Well, then check engine temperature. If friction increased by oil slush, this could be seen in the instruments.
As for quantifying the effects, I'll make this assumption:
The lateral slip is the tangent of the angle of the wheel and the speed vector.
The side force is proportional to this angle, at least for low values of it (what's called lateral stiffness).
Max values for the slip (tangent of angle) are around 0.10
Let's say the driver actually moved the steering wheel very little. So, let's say the tangent of slip angle would be around a quarter of max, that is 0.025.
So, for a car to take a corner at 200 meters radius (no apex cut), you need a lateral force of:
a = v^2/r
a = (210 / 3.6 m/s)^2 / 200 m
a = 17 m/s2
the relationship between "phantom" braking force (caused by the slip angle) and lateral force is equal to slip angle tangent, then
braking force = 17 * 0.025 = 0.42 m/s2
Thus, to obtain a reduction of 25 kph (from 210 to 185 kph), equal to 6.9 m/s, you need a time of 16 seconds of curve (that is, 6.9/0.42).
Too long a curve, I presume. If the curve is half a radius in length (28 degrees of deflection, as a radian in length is 57 degrees), it measures only 100 meters, which at 58 m/s gives you barely under 2 seconds to get this deceleration.
So, either the braking force is higher than 0.025 times the lateral force or the other factors took a significant share of the deceleration. For a 2 seconds curve, you need a deceleration of 0.2 times the lateral acceleration to explain the reduction in speed, which is a lot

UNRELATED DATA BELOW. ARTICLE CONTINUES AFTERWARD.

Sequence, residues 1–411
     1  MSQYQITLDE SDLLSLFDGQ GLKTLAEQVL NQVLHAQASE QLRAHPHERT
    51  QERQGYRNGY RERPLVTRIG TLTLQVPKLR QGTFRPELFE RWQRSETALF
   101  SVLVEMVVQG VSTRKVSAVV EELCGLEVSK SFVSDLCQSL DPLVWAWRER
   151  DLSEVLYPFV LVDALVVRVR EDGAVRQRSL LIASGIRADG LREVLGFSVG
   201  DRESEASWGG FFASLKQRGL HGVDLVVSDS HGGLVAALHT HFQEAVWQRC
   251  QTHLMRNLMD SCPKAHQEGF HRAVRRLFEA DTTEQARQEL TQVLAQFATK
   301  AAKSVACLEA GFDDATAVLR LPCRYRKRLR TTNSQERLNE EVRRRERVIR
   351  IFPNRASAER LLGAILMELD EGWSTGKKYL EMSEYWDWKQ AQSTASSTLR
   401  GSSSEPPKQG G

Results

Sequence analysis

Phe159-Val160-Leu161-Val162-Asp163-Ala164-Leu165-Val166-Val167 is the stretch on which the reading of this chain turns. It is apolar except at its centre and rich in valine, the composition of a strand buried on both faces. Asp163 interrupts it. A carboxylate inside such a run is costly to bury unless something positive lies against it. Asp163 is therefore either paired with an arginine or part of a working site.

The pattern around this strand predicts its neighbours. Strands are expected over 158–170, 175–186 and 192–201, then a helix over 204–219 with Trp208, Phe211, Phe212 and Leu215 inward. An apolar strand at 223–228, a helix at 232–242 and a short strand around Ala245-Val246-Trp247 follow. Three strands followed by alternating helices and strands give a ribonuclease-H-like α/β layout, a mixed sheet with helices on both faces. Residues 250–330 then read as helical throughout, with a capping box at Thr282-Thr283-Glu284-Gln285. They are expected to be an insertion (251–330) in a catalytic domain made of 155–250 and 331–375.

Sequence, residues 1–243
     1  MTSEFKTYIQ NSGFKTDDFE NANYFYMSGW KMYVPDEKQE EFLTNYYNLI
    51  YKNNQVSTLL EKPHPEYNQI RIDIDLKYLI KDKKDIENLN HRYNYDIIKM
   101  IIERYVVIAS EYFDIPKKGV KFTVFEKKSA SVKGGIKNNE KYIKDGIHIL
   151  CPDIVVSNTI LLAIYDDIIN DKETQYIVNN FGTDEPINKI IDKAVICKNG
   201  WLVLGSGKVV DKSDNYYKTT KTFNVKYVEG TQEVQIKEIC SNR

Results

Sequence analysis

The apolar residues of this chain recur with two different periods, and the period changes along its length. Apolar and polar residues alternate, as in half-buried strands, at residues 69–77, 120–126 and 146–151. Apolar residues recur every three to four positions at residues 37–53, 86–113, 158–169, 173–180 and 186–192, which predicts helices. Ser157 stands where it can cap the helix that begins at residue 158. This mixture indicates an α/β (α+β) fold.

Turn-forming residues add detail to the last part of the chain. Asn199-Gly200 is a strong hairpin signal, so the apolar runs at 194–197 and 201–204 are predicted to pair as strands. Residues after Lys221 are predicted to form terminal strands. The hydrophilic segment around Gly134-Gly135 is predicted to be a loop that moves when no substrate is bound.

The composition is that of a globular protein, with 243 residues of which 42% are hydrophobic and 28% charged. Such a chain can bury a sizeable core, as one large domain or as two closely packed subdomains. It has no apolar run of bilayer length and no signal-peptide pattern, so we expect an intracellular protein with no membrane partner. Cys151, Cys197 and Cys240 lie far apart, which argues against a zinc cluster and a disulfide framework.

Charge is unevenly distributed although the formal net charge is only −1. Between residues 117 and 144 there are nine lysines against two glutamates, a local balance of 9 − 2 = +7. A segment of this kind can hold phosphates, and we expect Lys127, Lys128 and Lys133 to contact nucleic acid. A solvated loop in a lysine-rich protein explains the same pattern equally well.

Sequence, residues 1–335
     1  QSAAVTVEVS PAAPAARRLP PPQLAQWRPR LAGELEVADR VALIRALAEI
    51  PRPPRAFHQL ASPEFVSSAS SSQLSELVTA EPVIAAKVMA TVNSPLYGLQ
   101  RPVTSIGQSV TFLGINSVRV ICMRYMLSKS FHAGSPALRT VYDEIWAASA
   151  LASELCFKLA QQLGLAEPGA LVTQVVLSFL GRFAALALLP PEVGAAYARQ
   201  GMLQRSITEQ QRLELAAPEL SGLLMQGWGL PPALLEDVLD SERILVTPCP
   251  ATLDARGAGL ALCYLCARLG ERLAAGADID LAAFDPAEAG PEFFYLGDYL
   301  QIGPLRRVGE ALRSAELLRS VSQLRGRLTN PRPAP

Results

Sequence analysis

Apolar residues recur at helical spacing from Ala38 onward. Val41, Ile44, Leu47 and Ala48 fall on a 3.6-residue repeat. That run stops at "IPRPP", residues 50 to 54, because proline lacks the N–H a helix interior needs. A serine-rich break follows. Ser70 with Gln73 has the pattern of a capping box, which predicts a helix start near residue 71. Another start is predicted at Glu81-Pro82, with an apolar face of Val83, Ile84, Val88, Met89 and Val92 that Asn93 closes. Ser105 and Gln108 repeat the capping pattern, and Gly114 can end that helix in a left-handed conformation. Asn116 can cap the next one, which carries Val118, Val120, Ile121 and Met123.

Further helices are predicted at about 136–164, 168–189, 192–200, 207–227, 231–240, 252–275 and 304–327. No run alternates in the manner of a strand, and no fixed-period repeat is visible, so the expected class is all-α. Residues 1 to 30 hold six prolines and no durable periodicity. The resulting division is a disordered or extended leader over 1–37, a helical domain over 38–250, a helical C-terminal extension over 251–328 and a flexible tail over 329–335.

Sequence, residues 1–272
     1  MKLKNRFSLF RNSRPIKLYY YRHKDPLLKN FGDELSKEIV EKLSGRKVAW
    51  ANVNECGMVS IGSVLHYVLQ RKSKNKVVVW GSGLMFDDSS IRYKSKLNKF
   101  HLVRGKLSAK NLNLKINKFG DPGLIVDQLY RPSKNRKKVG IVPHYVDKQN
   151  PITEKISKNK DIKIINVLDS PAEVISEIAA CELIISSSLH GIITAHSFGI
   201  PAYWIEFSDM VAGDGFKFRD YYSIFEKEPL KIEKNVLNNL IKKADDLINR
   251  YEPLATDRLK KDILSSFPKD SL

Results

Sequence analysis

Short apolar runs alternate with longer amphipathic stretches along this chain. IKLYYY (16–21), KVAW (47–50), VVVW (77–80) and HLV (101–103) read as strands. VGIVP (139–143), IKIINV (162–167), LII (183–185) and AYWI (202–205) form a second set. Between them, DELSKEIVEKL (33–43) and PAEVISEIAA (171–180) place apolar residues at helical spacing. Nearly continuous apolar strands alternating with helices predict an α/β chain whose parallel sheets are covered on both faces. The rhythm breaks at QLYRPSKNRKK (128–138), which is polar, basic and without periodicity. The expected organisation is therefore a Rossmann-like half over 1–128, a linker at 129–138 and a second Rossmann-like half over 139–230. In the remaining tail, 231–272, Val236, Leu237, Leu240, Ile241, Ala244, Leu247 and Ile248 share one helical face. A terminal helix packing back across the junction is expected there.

(over 1.6*0.2 = 0.3 g). You wonder why this car needs brakes: you can substitute them with the steering wheel alone. THAT could be an advantage. You only need to take late apex curves and forget about braking.
On the other hand, you could try to compare the telemetry you have with the one of cars with regular tyres or regular Ackerman (you wouldn't need everything, just speed). As aero yaw and other effects, including oil slush, should be similar for similar cars, then you'll be able to evaluate what's different in this one (tyre width, unusual Ackerman).
If data from other teams is hard to get by, talk with Mike Coughlan or Nigel Stepney. I mean, they could give you figures for braking force vs lateral force.